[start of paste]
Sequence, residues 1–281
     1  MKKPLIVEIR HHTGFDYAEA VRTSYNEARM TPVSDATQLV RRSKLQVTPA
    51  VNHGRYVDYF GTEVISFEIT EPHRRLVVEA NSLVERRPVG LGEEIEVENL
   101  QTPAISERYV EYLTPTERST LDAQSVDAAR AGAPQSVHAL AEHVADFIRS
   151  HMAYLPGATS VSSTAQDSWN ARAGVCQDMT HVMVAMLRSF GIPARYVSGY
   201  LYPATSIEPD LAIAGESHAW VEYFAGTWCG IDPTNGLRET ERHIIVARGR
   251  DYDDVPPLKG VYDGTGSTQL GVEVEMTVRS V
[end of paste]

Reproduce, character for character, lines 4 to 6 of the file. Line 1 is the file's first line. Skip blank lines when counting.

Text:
   101  QTPAISERYV EYLTPTERST LDAQSVDAAR AGAPQSVHAL AEHVADFIRS
   151  HMAYLPGATS VSSTAQDSWN ARAGVCQDMT HVMVAMLRSF GIPARYVSGY
   201  LYPATSIEPD LAIAGESHAW VEYFAGTWCG IDPTNGLRET ERHIIVARGR